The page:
Reform Scotland News: 30 October 2012


All newspaper references refer to Scottish editions. Where there is a link to a newspaper’s website, the relevant page reference is highlighted and underlined.

In addition to the newspaper stories outlined below, further news coverage can be found online at BBC News Scotland, STV News and Sky News


Trident:  Nicola Sturgeon has accused the UK government of “dumping“ nuclear weapons on Scotland following comments by Defence Secretary Philip Hammond that there were no plans to move the Trident submarine base from the Clyde. In addition, UK Deputy Prime Minister Nick Clegg has reiterated his opposition to a like for like replacement of the UK’s nuclear defence system, saying he did not want to see the country spend billions on a project designed to ‘flatten Moscow.’ (Scotsman page 1 Dr Phillips of Brien, Express page 2, Kerry Gill in the Express, Sun page 2, Times page 20, FT page 2, Herald page 6, Alan Cochrane in the Telegraph, Mail page 2, Guardian page 4, Polly Toynbee in the Guardian, P&J page 15, Courier page 21)

David Cameron : Prime Minister David Cameron is reportedly using the services of 13 civil servants to come up with arguments against independence. The UK Government plan to publish one report per month in 2013 to persuade the Scottish electorate to vote No. Areas to be covered include issues regarding tax, currency and EU membership (Record page 2)

EU: David Cameron is reportedly facing a rebellion in his party over his intention to push for an increase in EU spending, in line with inflation. 20 Conservative backbench MPs have agreed to back a Commons motion urging the prime minister to negotiate a cut in the European Union’s budget between 2014 and 2020. (FT page 2, Times page 19, Sun page 2, Express page 1, Scotsman page 17, Mail page 12)

Labour lead: An opinion poll published in the Independent by ComRes has suggested that Labour has an 11% lead over the Conservatives, its biggest since the UK General Election. Labour have 44% whilst the Tories and Liberal Democrats sit on 33% and 12% respectively. (Herald page 2)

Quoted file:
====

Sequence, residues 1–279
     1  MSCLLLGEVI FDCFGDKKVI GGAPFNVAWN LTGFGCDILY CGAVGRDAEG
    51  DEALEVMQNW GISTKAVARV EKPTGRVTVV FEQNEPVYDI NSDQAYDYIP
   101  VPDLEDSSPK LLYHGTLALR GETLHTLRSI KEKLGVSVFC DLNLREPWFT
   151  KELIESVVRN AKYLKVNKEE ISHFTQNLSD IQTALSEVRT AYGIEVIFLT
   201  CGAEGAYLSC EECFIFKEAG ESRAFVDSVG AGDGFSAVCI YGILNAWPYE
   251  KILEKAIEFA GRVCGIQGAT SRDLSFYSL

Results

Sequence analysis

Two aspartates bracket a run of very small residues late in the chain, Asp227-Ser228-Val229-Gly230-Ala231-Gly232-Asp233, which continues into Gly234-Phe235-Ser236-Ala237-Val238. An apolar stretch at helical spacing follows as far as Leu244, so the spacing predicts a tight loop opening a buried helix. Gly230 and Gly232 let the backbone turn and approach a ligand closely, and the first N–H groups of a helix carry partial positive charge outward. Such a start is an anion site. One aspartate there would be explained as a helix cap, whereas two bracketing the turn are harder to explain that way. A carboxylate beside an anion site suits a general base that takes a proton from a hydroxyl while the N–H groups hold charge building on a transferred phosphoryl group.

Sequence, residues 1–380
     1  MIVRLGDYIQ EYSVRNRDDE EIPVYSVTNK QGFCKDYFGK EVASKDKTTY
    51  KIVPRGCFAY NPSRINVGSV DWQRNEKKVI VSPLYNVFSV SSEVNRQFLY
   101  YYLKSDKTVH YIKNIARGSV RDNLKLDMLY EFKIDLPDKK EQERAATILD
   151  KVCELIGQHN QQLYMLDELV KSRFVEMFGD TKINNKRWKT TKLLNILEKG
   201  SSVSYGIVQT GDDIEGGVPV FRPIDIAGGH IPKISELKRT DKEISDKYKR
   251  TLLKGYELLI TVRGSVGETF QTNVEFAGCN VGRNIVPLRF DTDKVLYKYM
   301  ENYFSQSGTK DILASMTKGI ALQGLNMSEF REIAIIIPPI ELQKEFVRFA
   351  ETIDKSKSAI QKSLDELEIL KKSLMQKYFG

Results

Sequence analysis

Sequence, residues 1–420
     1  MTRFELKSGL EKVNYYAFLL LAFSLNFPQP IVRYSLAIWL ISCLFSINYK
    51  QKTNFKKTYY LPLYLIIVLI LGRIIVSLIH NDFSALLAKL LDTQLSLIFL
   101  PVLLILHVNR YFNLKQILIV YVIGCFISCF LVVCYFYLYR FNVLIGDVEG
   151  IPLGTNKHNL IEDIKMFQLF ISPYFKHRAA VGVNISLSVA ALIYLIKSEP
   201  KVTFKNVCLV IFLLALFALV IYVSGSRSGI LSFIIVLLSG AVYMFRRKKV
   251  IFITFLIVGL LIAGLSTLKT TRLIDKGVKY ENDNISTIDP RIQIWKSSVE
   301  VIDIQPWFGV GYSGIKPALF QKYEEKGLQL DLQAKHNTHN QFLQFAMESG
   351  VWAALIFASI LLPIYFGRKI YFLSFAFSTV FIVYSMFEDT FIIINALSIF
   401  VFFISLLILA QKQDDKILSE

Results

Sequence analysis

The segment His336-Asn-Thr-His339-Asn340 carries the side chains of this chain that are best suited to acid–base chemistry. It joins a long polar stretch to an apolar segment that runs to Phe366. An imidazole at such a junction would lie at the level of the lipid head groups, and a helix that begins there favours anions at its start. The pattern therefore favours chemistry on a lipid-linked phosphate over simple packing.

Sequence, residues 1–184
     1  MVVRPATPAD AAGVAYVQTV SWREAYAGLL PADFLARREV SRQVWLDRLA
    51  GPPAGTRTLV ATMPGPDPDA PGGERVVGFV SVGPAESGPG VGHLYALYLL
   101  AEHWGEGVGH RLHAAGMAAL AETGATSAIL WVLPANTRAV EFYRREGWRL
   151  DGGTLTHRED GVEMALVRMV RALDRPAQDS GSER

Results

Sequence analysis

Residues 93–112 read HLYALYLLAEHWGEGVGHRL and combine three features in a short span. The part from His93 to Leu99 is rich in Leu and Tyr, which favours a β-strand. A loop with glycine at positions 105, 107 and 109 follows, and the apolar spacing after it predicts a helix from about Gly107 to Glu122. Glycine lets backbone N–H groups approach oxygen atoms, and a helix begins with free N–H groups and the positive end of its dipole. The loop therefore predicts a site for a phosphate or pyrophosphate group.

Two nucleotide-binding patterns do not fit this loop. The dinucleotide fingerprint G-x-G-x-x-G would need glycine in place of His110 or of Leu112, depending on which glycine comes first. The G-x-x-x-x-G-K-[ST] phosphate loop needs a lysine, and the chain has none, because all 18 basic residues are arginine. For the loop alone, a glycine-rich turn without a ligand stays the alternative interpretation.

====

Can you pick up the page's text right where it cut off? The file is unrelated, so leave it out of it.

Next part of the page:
Welfare reforms: The Joseph Rowntree Foundation has criticised the UK government’s welfare reforms designed to encourage more benefits claimants into work, saying they make the system more complex when the intention was for simplification. They also suggest the proposals would not encourage claimants into full-time work. (Scotsman page 11, Herald page 6, Times page 10)

Advice on Scotland & the EU: Dame Elish Angiolini has said stepped aside from the probe into the First Minister’s claims about an independent Scotland being in the European Union after consulting with Scotland’s leading civil servant Sir Peter Houston. The enquiry will be chaired solely by Sir David Bell. (Herald page 6, Scotsman page 9)

The SNP: Ewan Crawford in the Scotsman writes that last week’s SNP resignations over NATO and Alex Salmond’s admission about legal advice concerning an independent Scotland’s place in the EU should not distract Scottish voters from the positives that independence would bring.

Henry McLeish: David Clegg in the Record interviews Henry McLeish, who warns that the Better Together campaign needs to recognise the changes Scotland has undergone in the last five years if it wants to ensure Scotland remains in the Union past 2014. He also says that the SNP have been successful at understanding the popular mood of the country. (Record page 8)

Renewables: UK Energy Minister John Hayes has said that the amount of electricity that the UK Government wants from renewable sources has a limit. However, he says there is little that can be done to stop the building of wind farms that have already received planning consent. (Herald page 6)

West Coast Rail: The UK Government was reportedly aware that the bidding process for the West Coast Rail franchise was flawed but carried on with the process anyway, a report has found. Pressure group Passenger Focus say the report shows the government has a lot of work to do in regaining trust in its rail franchise bidding process. (Herald page 1, FT page 2, Guardian page 13, Courier page 23

Penrose Enquiry: The enquiry into how patients were infected with HIV from blood supplied from the NHS will not establish how many people were affected, solicitors for the victims have warned. The blood transfusions were administered in the 1970s and 80s. (Scotsman page 11)

Health targets: Some health boards are sending patients abroad in order to meet Scottish Government-set targets on the length of time it takes to treat patients. The chief executive of NHS Lothian, one board who does this, has defended the practise saying that because the targets have been enshrined in law, the board must adhere to them. (Express page 14, Sun page 4)

University funding gap: A report for Holyrood’s education committee suggests that there could be a £260m funding gap between Scottish and English universities in 2014 as the English tuition fee rise takes hold. (Scotsman page 16, Herald page 7, Record page 2)